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Design

Product designers go eco

Can stylish design be environmentally friendly? This was once a contradiction in terms, but the 2012 Ambiente consumer-goods fair in Frankfurt has presented a few designers capable of achieving both.

It was a broken bicycle tire that ignited Stefanie Fauser's great passion for recycled art.

"I have a friend who likes bike riding and he wanted to do something useful with his broken bike tubes," the Berlin product designer said. Since then, Stefanie has used the tubes to create shoulder bags, belts, wallets, bracelets and glasses cases.

"It is not just because it is environmentally friendly, but the bags and belts look very nice," she added.

The other kind of recycling

Stefanie Fauser

Stefanie Fauser found inspiration in a broken bike tire

"Upcycling" - creating new products from rubbish - is a concept that has really taken off recently.

Stefanie Fauser's bike-tube-inspired fashion accessories are now on sale all over the world and currently showcased at Ambiente, one of the world's largest consumer goods fairs. From the February 10-14, 4,543 exhibitors from more than 87 countries have been presenting their products in the German city of Frankfurt.

Alongside established companies specializing in kitchen and household goods are an increasing number of businesses that specialize in products created from recycled materials.

Benjamin Ruggeberg's company is another such example. The Luna Company is a small South African business that was initially established in 1996 by brothers Mark and Brian Fanner as a project for homeless and unemployed people.

Today they employ 50 people and are renowned for their skilfully handcrafted picture frames made from old floorboards and furniture.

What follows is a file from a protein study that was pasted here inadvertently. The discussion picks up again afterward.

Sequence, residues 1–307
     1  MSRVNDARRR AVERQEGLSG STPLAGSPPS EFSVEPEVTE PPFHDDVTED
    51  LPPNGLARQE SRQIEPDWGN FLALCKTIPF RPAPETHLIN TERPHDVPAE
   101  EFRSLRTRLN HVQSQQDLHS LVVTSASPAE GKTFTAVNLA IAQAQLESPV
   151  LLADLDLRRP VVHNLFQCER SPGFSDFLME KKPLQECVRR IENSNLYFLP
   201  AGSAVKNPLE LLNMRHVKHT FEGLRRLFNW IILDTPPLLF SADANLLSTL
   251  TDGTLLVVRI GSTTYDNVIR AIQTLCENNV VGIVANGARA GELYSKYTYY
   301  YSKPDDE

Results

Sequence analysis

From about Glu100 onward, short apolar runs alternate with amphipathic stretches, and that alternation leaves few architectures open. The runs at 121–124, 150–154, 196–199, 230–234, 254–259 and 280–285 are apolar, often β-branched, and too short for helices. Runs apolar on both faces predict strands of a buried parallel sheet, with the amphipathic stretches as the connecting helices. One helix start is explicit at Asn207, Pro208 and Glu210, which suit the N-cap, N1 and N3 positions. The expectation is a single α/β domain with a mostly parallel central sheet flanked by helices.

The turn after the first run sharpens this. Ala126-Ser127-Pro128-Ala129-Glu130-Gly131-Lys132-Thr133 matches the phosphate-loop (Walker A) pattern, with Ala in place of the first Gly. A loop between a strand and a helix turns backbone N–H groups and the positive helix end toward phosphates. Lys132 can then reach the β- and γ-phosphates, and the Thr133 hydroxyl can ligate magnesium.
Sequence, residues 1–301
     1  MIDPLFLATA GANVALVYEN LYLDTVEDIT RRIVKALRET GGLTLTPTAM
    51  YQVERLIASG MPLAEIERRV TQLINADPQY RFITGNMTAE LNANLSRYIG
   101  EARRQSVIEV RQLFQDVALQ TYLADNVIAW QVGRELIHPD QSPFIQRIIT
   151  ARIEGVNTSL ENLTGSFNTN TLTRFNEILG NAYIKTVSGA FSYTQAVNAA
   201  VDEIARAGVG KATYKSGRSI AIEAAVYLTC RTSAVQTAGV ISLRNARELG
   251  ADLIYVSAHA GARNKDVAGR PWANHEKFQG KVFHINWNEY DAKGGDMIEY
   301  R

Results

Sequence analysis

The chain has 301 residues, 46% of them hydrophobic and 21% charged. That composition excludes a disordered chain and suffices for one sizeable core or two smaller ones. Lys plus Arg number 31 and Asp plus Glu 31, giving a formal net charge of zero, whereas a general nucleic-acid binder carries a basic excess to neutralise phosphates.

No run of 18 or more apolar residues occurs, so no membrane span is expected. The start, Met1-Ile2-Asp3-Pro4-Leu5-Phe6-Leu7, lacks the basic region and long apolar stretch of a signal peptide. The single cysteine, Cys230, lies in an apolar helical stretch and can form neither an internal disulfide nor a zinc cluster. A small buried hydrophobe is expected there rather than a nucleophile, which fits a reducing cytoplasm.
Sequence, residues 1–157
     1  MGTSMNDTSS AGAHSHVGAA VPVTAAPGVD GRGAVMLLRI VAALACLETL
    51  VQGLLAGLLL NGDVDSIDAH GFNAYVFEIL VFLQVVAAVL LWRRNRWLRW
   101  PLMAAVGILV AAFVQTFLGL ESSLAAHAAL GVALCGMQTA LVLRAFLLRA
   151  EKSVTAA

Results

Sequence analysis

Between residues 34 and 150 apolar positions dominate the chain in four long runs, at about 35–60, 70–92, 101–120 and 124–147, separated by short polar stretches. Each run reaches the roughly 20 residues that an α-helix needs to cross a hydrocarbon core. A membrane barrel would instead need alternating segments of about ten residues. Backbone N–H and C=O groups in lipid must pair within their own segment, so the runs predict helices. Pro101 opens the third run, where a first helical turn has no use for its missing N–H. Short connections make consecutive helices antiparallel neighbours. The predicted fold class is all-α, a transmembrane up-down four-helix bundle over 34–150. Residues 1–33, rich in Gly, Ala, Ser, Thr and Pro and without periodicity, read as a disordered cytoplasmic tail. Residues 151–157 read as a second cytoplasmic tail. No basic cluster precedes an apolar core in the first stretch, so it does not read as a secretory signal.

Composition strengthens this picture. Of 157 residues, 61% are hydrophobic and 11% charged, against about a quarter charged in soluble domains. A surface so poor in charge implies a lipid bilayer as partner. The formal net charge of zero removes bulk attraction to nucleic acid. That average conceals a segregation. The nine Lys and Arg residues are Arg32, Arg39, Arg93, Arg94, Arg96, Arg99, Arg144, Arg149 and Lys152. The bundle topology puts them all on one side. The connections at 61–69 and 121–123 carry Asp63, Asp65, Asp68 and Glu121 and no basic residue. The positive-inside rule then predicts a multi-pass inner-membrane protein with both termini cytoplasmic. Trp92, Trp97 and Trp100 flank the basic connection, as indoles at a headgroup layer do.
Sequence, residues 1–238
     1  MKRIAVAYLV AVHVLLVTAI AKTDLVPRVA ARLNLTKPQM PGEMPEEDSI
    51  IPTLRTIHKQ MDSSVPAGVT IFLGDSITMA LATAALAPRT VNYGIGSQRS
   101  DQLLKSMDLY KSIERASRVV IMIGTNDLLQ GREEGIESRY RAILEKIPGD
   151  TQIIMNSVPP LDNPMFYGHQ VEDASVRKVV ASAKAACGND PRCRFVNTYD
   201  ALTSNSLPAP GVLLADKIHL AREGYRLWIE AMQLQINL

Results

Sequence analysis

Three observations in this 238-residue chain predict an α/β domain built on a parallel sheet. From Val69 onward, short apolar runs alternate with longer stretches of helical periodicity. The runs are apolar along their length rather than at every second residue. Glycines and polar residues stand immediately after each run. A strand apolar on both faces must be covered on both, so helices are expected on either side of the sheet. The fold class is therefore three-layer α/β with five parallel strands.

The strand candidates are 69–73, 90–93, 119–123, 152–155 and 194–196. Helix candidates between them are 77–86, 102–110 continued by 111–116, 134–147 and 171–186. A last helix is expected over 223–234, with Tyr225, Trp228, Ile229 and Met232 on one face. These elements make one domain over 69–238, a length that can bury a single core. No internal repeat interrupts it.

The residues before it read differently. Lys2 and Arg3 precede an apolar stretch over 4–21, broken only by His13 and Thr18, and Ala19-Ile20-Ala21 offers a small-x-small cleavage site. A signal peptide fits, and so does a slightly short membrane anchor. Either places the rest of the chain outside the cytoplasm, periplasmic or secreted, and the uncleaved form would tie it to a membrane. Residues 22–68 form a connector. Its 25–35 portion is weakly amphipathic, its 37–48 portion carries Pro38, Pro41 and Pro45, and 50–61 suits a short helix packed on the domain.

"Just imagine, so many of these waste products may have been burned or thrown away," Benjamin Ruggeberg said.

Martin Carter

Martin Carter promises gravity doesn't win

Upside-down plant from Down Under

New Zealander Martin Carter wants nature to be an intricate part of his business. His Sky Planter was designed for city apartments and allows for unique, space-saving features, like potted plants hanging from the ceiling.

"In the upper part of the flower pot there is a water tank that holds the water," explained Carter. "In spite of gravity, the plant and the floor remain dry."

The designer added that it was a funny coincidence that the idea for an upside down plant came from a small company from Down Under.

Catchy cardboard

Berlindesigner Cantemir Gheorghiu agrees that ideas should be fun. He was always a little taken aback by just how serious some people look with thick horn-rimmed glasses and this inspired him to create his cardboard-framed glasses with colorful, witty designs. Leopards and dandelions decorate the frames that Cantemir says work as a type of art therapy and make people laugh.

Cantemir Gheorghiu

Live a little, says Cantemir Gheorghiu with his glassless glasses

"At big parties the glasses are passed from one person to another," said the performance artist, "It really lifts the mood."

Cantemir Gheorghiu's first glasses were first used during the last soccer World Cup. His following has grown so much that the glasses - complete with a host of other cardboard fashion accessories - were presented at this year's Berlin Fashion Week.

It was not by chance that Cantemir's chose cardboard as the material of his products, "because it's environmentally friendly and it pokes fun at our throwaway society," he said.

Meanwhile, his latest line-up of cardboard accessories included cardboard watches, cardboard bags, and even cardboard ties. And more are sure to follow.

Author: Richard A. Fuchs / bos
Editor: Kate Bowen

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